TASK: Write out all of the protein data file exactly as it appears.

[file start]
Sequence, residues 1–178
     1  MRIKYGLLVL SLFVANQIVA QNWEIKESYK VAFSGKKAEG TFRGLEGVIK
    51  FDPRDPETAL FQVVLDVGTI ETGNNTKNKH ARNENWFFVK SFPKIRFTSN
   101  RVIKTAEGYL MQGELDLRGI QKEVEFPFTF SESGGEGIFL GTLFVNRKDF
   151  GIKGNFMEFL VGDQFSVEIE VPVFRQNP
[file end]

Sequence, residues 1–178
     1  MRIKYGLLVL SLFVANQIVA QNWEIKESYK VAFSGKKAEG TFRGLEGVIK
    51  FDPRDPETAL FQVVLDVGTI ETGNNTKNKH ARNENWFFVK SFPKIRFTSN
   101  RVIKTAEGYL MQGELDLRGI QKEVEFPFTF SESGGEGIFL GTLFVNRKDF
   151  GIKGNFMEFL VGDQFSVEIE VPVFRQNP